Current theories stipulate that particles mass is due to : Quantum chromodynamics (mutual attraction of quarks, i.e. gluon's kinetic energy, circa 98%) and Higgs field (quarks rest mass, circa 2%) ...
2
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1answer
94 views

Sitting on the bob of a pendulum

Walter Lewin's best performance was the pendulum demonstration, and I copy the transcript now: Would the period come out to be the same or not? [students respond] Some of you think it's ...
5
votes
1answer
505 views

Why do some particles have a greater mass than others?

The property of mass that almost every particle possesses comes from the Higgs Field. It is this field, which permeates all of space, that particles interact with and hence obtain mass. But why do ...
3
votes
2answers
4k views

Modeling a two-mass, spring, damper system

I'm trying to model a system with two masses, two springs, two dampers, and one applied force using transfer functions. I'll then be inputting it into Simulink. The system looks like this but there ...
2
votes
2answers
330 views

Do photons actually generate a slight kinetic force?

My question is even though photons have no (rest) mass, do they emit a external force due to EM radiation causing electrons to be excited and jump to higher energy shells which electrons have mass ...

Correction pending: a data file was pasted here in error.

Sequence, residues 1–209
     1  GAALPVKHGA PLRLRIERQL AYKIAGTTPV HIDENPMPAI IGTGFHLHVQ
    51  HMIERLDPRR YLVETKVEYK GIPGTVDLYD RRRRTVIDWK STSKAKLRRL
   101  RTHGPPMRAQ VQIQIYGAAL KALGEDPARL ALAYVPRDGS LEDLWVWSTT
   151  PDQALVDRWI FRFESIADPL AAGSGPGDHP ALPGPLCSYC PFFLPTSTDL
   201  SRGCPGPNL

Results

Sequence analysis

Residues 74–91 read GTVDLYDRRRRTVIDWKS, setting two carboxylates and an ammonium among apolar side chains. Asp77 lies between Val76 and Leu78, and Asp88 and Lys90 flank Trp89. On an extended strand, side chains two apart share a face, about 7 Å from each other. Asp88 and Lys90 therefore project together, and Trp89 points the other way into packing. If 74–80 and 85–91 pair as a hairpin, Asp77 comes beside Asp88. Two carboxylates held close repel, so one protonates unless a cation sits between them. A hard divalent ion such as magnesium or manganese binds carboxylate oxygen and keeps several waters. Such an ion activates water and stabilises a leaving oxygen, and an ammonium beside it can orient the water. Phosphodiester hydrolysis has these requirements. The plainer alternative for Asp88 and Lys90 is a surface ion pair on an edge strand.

5
votes
1answer
247 views

Practical method to weigh human limbs with common household items?

What methods could be used to determine (or estimate within a reasonable margin of error) the mass of a living human's limbs, short of cutting them off? And more interestingly, how can this be done ...
1
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1answer
160 views

Is light affect by gravity? Why?

I would like to know if light is affected by gravity, also, I would like to know what is the more correct for the definition of gravity: A force that attracts bodies with mass or force that attracts ...